Peacock hands-on: NBC’s streaming service isn’t must-see TV yet – CNET

NBC’s new Peacock streaming service is currently in “sneak peek” mode, with no original programming and limited availability — only Comcast subscribers with certain TV devices can watch it. I live in Comcast country and have an Xfinity Flex streaming box, so I took Peacock out for a stroll, er, strut, to get a feel for its layout and content. Despite the low price (free) and more than 15,000 hours worth of TV shows and movies, I’m not sure how much I’ll use it. There’s just not enough compelling content available yet.

Like

  • It’s free
  • Fewer ads than Hulu
  • Offers current news and late-night shows

Don’t Like

  • Missing new, original shows and many marquee catalog titles
  • Very few movies from the past decade
  • Trending section not a good fit for TVs

Peacock’s full launch will happen in July, but even then it will be more limited than originally planned. The coronavirus has put a halt to TV production across the board, including Peacock’s originals, and pushed the Olympics back a year to the summer of 2021, delaying Peacock’s exclusive coverage of the games. Without those hooks there’s little incentive for viewers like me to add Peacock to their stable of streaming services.

Even as a free addition to my Flex box, Peacock struggles against other streaming options. It does seem to show fewer ads than Hulu, but Hulu has so much more to watch. For now the only use I can think of for Peacock is to show my kids some old SNL sketches or watch a few old movies. In order to stand out from the streaming pack, Peacock needs its own shows. Or perhaps more importantly, it needs to become the home to timeless NBC classics like The Office, which won’t hit Peacock until 2021. In the meantime, of course, you can watch it on Netflix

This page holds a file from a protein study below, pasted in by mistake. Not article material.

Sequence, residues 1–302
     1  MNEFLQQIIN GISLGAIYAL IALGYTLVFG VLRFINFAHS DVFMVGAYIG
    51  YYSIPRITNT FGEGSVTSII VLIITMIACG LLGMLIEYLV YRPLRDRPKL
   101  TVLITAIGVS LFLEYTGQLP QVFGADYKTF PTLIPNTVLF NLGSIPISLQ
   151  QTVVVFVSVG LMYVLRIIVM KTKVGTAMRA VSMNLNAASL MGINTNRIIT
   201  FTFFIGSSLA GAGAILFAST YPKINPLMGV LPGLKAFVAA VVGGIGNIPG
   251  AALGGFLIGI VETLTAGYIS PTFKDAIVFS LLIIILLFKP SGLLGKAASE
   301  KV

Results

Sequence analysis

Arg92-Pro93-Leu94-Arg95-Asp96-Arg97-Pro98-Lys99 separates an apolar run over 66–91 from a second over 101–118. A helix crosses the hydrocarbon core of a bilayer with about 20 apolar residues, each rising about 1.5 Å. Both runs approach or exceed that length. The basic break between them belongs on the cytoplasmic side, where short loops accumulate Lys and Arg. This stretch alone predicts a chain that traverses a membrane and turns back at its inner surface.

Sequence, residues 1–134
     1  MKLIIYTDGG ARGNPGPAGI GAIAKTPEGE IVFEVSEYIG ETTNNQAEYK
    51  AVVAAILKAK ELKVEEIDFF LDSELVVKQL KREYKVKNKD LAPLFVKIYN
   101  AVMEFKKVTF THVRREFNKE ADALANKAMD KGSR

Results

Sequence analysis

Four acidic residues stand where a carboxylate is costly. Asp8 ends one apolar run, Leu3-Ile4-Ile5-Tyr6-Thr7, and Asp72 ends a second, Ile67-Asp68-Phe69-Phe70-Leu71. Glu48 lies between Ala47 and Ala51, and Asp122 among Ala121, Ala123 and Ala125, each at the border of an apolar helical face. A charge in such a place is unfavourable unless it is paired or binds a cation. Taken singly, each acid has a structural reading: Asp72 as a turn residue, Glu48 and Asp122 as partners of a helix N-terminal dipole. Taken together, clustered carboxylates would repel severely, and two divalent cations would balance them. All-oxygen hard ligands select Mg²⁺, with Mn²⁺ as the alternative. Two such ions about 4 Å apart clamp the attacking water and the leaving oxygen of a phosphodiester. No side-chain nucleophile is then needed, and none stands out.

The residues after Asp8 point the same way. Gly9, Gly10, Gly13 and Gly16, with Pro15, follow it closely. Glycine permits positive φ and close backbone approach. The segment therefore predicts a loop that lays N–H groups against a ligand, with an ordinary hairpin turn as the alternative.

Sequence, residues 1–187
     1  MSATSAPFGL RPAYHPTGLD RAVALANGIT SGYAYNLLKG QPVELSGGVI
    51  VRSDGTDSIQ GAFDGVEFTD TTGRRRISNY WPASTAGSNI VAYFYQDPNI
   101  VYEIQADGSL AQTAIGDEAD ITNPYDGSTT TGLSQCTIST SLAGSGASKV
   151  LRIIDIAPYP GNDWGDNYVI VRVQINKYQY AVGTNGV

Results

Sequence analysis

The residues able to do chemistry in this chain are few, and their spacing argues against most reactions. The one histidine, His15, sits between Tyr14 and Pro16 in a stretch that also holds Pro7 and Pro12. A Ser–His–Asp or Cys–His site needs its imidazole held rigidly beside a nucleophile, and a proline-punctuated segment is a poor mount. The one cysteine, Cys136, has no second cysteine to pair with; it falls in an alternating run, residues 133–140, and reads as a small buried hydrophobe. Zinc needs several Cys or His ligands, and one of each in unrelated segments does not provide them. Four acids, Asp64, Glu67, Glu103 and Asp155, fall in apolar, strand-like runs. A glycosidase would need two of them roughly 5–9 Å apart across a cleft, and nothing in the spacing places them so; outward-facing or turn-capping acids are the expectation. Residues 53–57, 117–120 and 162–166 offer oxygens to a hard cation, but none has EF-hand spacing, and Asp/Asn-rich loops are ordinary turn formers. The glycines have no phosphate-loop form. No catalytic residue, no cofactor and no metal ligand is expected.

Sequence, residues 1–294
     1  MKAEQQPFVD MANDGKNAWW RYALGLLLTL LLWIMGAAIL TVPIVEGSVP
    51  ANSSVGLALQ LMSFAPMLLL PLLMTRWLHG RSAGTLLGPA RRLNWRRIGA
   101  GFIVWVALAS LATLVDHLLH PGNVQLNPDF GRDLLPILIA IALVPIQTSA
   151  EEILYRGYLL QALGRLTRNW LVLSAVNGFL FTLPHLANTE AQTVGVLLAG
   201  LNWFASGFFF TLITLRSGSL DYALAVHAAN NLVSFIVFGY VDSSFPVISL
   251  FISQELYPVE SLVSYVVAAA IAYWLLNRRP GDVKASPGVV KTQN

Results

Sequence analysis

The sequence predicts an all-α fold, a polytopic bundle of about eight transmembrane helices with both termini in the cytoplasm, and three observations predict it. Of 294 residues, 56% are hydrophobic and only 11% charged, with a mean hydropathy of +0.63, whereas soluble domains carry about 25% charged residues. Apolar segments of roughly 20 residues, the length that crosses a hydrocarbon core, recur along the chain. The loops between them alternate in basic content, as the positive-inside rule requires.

What’s trending (according to Peacock)

Right away, Peacock looks different than Netflix, Hulu and Amazon Prime Video, the three streaming services I regularly use. Instead of being presented with a grid of thumbnails I was dumped right into a video of what Peacock deems is trending. The first was celebrity salad: a Today show clip with Carson Daly providing an update of Brad Pitt serving as the weatherman for John Krasinski’s Some Good News show. The next day it was Jimmy Fallon’s at-home monologue from the previous night.

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Matt Elliott/CNET

The top video in the Trending section plays automatically — you cannot fast-forward or rewind, but if you hit the down arrow you’ll move to the next video in the list. The selection runs from SNL sketches and Fallon skits to NBC news and sports updates, and also includes stuff that’s not even close to “trending,” like random scenes from old NBC shows. I loved Liz Lemon, Jack Donaghy and the gang from 30 Rock, but I don’t ever sit down on my couch wanting to watch an arbitrary clip from a 10-year-old sitcom. 

Read more: NBC’s Peacock looks like a streamified version of Comcast X1 cable

As the first section you see each time you open Peacock, Trending seems like it would be a better fit on a phone, where you could watch a news update or two during your commute or while waiting in line for lunch. Currently, Peacock lacks a mobile app. It also lacks multiple user profiles and 4K streaming. Peacock says that stuff is all coming in July.